Welcome to the season where bitters have their time to shine.

As November and December come and go, we indulge ourselves in copies amounts of sweet, savory, seasonal and glorious foods around tables (hopefully) surrounded with family and sweet friends. For centuries, this has been celebration. This is Joy. And for centuries, herbal medicines have been used as our medicine allies, to enhance and support the body in times of good and ill. Whenever I incorporate Gentian into my day-to-day routine, I'm reminded of how magical historical herbs and rituals are present in our modern lives and in our celebrations. 

As I mentioned in my previous post, Gentian is a fantastic herbal ally for digestive support especially around the holiday season when we put a little extra strain on our digestive tract. But using straight bitters can be a little....harsh, and a little.....abrupt if you're not used to eating bitter things (which most of use are not). So although some hardcore herbalists are out there taking shots of straight up bitters and swigs of gentian right out of the tincture bottle (been there, I'm not that hardcore), I often take a more subtle approach to bitters. As you probably know, gentian is used to flavor a fair share of cocktails because it's a perfect flavor for that kind of beverage, and a little bit goes a long way. Traditionally, we used to drink bitter cordials called Aperitif's to stimulate our digestion before meals and they usually taste amazing. Not only that, it's a perfect little beverage to sit around and sip on before a holiday dinner to enhance digestion. Delicious and effective. Win Win. 

My version of this Gentian Apéritif was adapted from a 200 year old historical recipe I found a few years ago when I started experimenting with herbal cordials, digestif's and aperitifs. When you make a cordial the historical way, it's quite a bit sweeter than my Gentian Aperitif, as I omit the sugar and rely on the cherry bark and licorice + other flavors in my cocktails to add the sweet. I like this recipe for 2 reasons: 1. It can be made the slow, traditional way, or sped up if you're in a pinch, and 2. It tastes sublime and fresh. It carries the bitter along with the myriad of other flavors, making this an ideal before-holiday-meal aperitif!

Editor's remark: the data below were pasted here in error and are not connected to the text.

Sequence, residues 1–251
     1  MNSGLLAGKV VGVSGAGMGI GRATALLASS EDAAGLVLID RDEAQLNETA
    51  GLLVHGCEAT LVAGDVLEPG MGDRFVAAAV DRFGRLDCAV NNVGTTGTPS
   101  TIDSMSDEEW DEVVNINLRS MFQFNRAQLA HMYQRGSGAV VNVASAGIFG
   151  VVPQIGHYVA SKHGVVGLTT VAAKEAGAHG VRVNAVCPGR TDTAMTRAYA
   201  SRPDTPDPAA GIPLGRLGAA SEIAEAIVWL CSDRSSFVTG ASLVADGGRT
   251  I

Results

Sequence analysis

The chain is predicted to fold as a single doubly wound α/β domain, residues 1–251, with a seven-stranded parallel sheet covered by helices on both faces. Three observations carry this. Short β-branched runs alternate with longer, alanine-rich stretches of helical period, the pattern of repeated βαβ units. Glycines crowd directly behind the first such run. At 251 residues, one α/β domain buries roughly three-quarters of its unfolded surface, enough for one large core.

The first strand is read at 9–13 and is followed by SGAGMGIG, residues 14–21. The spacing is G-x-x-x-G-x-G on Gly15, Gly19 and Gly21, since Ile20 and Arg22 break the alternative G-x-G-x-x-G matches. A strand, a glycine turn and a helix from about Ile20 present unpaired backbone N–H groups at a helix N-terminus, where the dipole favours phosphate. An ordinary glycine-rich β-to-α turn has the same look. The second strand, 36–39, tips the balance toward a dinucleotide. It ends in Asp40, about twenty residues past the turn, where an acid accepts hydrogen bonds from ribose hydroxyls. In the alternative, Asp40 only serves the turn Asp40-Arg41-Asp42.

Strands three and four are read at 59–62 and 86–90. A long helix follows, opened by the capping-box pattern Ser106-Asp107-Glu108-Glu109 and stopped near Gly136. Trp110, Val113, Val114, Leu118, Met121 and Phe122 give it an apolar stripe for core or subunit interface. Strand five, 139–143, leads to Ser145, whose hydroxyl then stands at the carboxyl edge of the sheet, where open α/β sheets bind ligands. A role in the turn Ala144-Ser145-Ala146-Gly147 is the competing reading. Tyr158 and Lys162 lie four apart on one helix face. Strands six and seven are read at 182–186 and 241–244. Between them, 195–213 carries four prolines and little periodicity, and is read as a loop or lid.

Historical Gentian Bitters | Traditional Preparation

Gentian Root, 1 ounce (28 grams)

 Fresh Orange Peel, 2 ounce (57 grams)

 Cinnamon Bark, 1 ounce (28 grams)

 Licorice Root, 1 ounce (28 grams)

 Wild Cherry Bark, 1 ounce (28 grams)

 Cardamom Seed, 1/4 ounce (7 grams)

 Angelica Root or Seed 1/16 ounce. (3.5 grams)

 Grain Alcohol, 1 pint (2 cups)

 Water, 2.5 pints. (5 cups)

 Sugar, 2 pounds.

Chop the Orange Peel fine and grind the herbs to a coarse powder using a spice grinder. Place in a large, glass jar and cover with the alcohol and let sit for 3 days. After 3 days, strain out the herbs and pour off the alcohol (save the alcohol!). Place the macerated herbs into a percolator and percolate with the alcohol tincture first, then percolate with the water. When all of the liquid has been percolated, dissolve the sugar in the water & alcohol mixture completely. At this point, you should have a combination of the twice used alcohol, water and sugar. Strain through a very fine strainer, or through a cotton cloth, obtaining as much of the liquid as possible. Discard the herbs, and store the liquid in small glass dropper bottle.  

 

Gentian Aperitif Cordial (featured)

3/4 cup Reeds Extra Ginger Beer

1 inch slice freshly squeezed orange

1 dropperfull (30 drops) Gentian Apéritif

1-2 pieces fresh rosemary (plus a sprig for flare)

Optional orange rind for flare. 

Sip slowly starting 30-45 minutes before the big meals to enhance digestion